This intervention aimed to increase use of modern family planning (FP) methods among HIV serodiscordant and seroconcordant couples in Zambia. Study data came from a cohort of 1,502 couples recruited through couples voluntary counseling and testing clinics and enrolled in a randomized controlled trial. The study had four arms. The "methods" group viewed one video on modern contraceptives. The "motivational" group viewed a second video that demonstrated positive future-planning behaviors such as will preparation and pregnancy prevention. The third group watched both. The control group watched a video on other healthy behaviors. After the groups watched the videos, counselors answered questions. Couples were invited to initiate, add, or change their modern contraceptive method free of charge. At baseline, only 21.5 percent of couples reported use of a modern FP method. After the intervention, 1,407 couples chose a new method or continued their current method. The most popular methods among new users were injectables and oral contraceptive pills (OCPs); among the 324 couples who were already using a method at enrollment, OCPs were the most chosen method post-intervention. It was also found that when couples switched from one method to another, they most likely switched from OCPs to Norplant and injectables. The study increased uptake of modern FP methods to high-risk couples.

Impact of Integrated Family Planning and HIV Care Services on Contraceptive Use and Pregnancy Outcomes: A Retrospective Cohort Study

Kosgei, R. J., Lubano, K. M., Shen, C., et al. Journal of Acquired Immune Deficiency Syndromes (2011), Vol. 58 No. 5, pp. e121-126.

The United States Agency for International Development-Academic Model Providing Access to Healthcare (AMPATH) Partnership in Kenya assessed a pilot program intended to increase HIV-positive women’s use of family planning (FP) methods. The study measured differences between routine care (RC) and an integrated family planning services (IFP) model to determine the effect of additional FP services in HIV care on use of modern contraceptive methods and pregnancy rates. The AMPATH site was in a hospital in Eldoret, Kenya, where more than 17,000 adult patients were receiving HIV care. In RC, two groups of patients totaling 2,578 received FP services, including condom counseling and availability as a means to reduce HIV transmission. In IFP, 1,453 patients received RC in addition to FP services. It was found that in the IFP group that the incidence of new condom use increased, as did use of new FP methods including condoms; and the incidence of new FP use excluding condoms decreased. There was no statistical difference in the number of new pregnancies in the IFP group. Findings on the attributable risk of the incidence rate per 100-person-years of IFP and RC followed similar trends. The study demonstrates that an IFP model can be successful in HIV care sites.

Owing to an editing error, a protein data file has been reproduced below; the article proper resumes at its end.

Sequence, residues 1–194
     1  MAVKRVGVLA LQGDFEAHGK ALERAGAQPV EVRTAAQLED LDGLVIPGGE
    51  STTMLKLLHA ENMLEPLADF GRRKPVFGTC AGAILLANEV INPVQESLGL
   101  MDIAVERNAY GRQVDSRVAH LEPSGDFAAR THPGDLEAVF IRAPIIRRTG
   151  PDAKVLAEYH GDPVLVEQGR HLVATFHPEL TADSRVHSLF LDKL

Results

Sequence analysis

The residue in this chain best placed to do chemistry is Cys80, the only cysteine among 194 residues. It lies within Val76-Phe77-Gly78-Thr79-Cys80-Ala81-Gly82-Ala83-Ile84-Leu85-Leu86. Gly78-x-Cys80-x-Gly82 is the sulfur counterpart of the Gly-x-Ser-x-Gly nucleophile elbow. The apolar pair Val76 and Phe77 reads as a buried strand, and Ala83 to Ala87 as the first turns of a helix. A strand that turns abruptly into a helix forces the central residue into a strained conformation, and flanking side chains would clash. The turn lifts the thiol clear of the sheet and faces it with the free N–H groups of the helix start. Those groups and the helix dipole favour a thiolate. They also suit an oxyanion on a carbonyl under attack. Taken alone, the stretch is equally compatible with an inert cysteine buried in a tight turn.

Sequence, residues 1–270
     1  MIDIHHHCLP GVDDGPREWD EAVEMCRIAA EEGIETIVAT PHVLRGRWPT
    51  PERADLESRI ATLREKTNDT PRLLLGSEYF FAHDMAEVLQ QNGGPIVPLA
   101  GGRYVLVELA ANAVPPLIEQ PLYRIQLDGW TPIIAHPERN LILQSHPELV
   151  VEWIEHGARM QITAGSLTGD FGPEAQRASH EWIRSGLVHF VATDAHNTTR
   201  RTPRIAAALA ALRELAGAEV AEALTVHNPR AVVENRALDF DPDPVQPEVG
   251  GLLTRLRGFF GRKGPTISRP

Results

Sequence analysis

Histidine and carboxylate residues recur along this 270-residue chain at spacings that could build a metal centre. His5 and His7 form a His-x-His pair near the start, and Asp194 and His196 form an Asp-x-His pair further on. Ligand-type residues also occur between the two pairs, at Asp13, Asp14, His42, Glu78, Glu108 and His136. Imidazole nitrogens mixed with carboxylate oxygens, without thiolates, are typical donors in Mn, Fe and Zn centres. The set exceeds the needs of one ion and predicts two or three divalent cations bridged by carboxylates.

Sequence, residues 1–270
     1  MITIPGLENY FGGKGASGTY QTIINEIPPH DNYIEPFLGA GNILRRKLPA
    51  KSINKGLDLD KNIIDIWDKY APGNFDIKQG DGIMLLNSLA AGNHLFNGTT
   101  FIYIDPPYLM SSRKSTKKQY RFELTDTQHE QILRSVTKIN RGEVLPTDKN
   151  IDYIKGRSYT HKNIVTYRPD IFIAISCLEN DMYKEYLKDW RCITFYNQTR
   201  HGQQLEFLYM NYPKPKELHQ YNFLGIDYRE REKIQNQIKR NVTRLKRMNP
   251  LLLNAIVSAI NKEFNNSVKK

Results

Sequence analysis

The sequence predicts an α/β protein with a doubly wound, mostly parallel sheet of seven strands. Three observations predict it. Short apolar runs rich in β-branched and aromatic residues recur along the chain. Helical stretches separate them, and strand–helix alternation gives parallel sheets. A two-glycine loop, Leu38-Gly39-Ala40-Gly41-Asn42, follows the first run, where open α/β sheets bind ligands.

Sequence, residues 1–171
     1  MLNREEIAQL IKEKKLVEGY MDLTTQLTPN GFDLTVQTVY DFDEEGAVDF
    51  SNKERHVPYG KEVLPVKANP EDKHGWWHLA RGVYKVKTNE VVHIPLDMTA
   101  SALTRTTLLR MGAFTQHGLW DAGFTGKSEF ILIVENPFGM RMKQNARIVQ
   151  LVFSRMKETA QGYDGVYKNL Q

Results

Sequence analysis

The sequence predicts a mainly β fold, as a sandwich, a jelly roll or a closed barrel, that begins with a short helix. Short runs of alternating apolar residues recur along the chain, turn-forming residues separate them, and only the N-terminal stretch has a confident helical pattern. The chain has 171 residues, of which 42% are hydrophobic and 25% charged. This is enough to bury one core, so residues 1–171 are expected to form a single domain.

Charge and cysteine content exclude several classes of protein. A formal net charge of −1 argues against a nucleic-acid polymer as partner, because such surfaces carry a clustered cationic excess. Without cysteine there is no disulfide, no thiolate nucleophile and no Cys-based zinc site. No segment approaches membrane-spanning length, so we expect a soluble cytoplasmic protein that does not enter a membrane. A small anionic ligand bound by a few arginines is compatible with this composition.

Report on a PEPFAR technical consultation on “Addressing Multiple and Concurrent Sexual Partnerships in Generalized HIV Epidemics,” Washington, DC (October 29-30, 2008)

Stash, S. & Roseman, D. AIDSTAR-One (2008)

The 54-page report summarizes a technical consultation on MCPs held in Washington, DC. The meeting convened researchers, government representatives and program implementers from several nations, including the U.S. and Southern Africa, to address four themes: 1) the relationship between MCP and HIV transmission; 2) core components of MCP programs; 3) engendering community support for MCP activities; and 4) measuring program outcomes. The consultation concluded with group work and discussion on next steps. The report includes appendices with additional resources and a list of participants.

Ten Myths and One Truth about Generalised HIV Epidemics

Shelton, J.D. The Lancet (2007), Vol. 370, Issue 9602, pp. 1809–1811.

The author of this commentary states that common misperceptions impede HIV prevention efforts. For example, he says, commercial sex workers are not the problem since formal sex work is uncommon in generalized epidemics. Nor are men the problem since there is a high proportion of discordant couples in which women, not men, are HIV positive. The author comments on other perceived myths related to HIV, such as those surrounding condoms, HIV testing, and youth. He concludes that concurrency is central to generalized epidemics and that behavioral interventions are effective.